Moving is not an activity that is generally accomplished with ease and cheer. The steps to relocating take time. Not only do you have to pack up your life into many cardboard boxes, but you have to find a new living space that meets your standards and budget. That’s just in general. In Boston moving has its own season, and that means competition, stress and a lot of junk on the sidewalks for about a month. Most Boston residents are going to move on a day when almost everyone else in the city is moving in, out, across or helping someone who is. U-Hauls line the streets and traffic is at its worst. The day is September 1st.
Thanks to Boston’s student boom in the year 2000, and a lack space for dormitories, a majority of apartment leases in the city start on September 1st and end on August 31st. According to data compiled by Zillow, a real estate information site, an estimated 79% of Boston apartment listings are for September. There were 135,125 students enrolled in Boston’s colleges in 2000, according to the Boston Redevelopment Authority, and enrollment numbers have been climbing since then.
Real estate agents start receiving listings for September as early as January. Kelly Callahan works for a Boston realty company and admits there is definitely a season for renting in Boston. Callahan’s office is located near the Northeastern University campus and receives a lot of student business. “Students usually want to be in walking distance of campus,” she says, so apartments near major college campuses tend to move faster. In neighborhoods less densely populated by college students like Allston and Brighton, renters can afford to take more time making decisions.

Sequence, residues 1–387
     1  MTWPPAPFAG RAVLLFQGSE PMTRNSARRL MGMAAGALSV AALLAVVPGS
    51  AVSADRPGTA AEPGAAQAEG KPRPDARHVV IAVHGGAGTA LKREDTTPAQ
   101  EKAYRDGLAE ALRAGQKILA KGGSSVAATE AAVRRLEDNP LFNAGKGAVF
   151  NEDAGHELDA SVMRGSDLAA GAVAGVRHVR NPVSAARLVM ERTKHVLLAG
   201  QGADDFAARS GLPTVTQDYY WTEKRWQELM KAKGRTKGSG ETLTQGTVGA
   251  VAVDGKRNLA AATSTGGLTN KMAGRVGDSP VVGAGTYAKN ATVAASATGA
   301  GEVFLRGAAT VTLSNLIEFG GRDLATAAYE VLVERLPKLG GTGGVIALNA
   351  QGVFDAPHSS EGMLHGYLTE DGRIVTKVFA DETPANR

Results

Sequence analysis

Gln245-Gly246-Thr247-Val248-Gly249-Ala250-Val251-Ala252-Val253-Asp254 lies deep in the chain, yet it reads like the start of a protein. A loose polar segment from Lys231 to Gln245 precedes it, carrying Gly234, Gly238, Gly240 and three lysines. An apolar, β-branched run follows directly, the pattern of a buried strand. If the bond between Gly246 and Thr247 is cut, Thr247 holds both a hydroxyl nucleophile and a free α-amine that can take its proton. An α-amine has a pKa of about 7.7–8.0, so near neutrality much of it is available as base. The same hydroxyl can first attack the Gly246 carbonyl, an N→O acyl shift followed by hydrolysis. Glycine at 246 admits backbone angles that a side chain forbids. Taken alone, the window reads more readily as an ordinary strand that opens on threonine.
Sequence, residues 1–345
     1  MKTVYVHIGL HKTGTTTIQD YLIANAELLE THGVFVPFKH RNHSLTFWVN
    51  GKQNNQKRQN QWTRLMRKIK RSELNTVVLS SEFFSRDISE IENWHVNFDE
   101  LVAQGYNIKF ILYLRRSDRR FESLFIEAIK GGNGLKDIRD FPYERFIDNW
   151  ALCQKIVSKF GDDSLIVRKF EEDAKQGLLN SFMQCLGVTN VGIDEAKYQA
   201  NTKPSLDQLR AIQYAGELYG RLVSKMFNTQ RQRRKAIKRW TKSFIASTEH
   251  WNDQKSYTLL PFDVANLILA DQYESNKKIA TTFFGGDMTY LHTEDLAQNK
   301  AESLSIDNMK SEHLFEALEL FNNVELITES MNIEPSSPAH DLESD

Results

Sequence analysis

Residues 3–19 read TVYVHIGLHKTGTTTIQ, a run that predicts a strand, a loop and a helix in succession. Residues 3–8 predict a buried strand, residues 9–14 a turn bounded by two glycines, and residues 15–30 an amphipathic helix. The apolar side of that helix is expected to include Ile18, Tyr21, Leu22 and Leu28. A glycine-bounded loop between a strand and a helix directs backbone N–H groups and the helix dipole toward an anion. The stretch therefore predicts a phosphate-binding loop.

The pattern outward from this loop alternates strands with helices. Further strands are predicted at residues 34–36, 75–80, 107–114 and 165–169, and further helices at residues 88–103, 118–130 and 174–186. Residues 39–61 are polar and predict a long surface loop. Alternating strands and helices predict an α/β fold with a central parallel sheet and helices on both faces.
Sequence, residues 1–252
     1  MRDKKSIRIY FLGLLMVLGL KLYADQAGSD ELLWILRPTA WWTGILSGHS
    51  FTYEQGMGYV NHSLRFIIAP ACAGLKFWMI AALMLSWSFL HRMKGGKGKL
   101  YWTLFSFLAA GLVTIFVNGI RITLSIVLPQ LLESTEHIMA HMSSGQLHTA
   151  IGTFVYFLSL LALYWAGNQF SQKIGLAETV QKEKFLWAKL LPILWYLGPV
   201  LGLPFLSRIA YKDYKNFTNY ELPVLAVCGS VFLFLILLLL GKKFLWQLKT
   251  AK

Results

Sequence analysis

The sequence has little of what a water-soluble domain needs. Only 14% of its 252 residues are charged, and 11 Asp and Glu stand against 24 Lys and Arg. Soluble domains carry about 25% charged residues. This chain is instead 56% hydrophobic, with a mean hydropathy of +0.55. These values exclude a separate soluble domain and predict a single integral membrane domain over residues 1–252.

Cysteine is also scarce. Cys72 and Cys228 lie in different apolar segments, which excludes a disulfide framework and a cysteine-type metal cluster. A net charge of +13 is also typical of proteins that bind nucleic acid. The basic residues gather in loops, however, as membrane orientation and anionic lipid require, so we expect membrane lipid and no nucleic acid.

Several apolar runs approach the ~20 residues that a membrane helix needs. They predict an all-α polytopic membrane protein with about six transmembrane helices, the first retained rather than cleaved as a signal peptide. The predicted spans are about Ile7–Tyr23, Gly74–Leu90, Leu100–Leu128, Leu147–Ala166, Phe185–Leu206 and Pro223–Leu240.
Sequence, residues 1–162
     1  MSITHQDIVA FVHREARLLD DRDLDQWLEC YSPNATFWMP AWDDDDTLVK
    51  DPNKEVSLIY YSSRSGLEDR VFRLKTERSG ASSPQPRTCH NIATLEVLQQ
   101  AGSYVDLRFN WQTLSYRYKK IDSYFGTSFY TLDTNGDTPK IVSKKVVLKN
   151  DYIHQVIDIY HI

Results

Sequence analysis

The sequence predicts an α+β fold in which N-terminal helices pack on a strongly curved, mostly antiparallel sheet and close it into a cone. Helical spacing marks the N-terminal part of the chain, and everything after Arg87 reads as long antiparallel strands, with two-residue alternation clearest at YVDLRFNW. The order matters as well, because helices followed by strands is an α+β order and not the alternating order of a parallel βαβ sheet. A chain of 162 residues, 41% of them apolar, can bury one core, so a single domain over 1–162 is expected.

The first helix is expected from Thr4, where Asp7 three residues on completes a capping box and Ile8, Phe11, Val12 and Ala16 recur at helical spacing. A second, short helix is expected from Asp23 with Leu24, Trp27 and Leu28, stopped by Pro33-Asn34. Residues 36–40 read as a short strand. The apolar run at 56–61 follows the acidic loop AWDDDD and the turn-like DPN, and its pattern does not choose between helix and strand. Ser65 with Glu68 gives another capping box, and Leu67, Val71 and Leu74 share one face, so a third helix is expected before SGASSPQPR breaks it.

Competition is a major hurdle in the September 1st search. If you’re not a student you may consider trying to find a renter who will offer a May, June or July lease. After September these months tend to be the most popular because this is when students leave the city. May has become known as, “subletting season,” because students try to find renters to finish out their leases so they can move at the end of the semester. Realtors stress that apartments move quickly and urge you to have your checkbooks ready if you see something you like. While you can never really know when an apartment is going to be taken off the market, keep in mind that the competition is just as fierce for the broker as it is for you. According to Callahan there is a lot of competition between realtors to sell properties because many listings are released citywide. Know which neighborhoods are in high demand and which are not.
If you’re no longer a student and tremble at the idea of participating in another Boston moving party, there are other options. Emily participated in her fair share of September 1st moves as a student at Suffolk University, but after graduating she managed to find a January listing. Moving in January she says, “is more calm. Allston in September is like a celebration. Everyone is moving. You see your friends moving and when you’re done you buy your helpers pizza and beer.” This is not so in January, but on the upside you don’t have to worry about parking, says Emily. If you can’t get out of your September cycle because your landlord won’t let you sublet or enjoys the benefits of having a September listing, consider staying in your apartment another year. (Callahan says many people are choosing this option anyway because of increasing prices.) Find out if your landlord owns other properties. Build a positive relationship and he may be able to notify you if an apartment opens up at a less grueling time of the year.
If you’re on a budget keep in mind that it is just as easy to find an apartment without the use of a realtor, eliminating that pesky finders fee. You just have to be willing to work a little harder. Either way give yourself plenty of time, as listings stay open through August. If you’re lucky enough to not be moving and you don’t have any obligations to help anyone you might consider looking for a new coffee table, dresser or couch that some tired college student left behind. Happy hunting, everyone!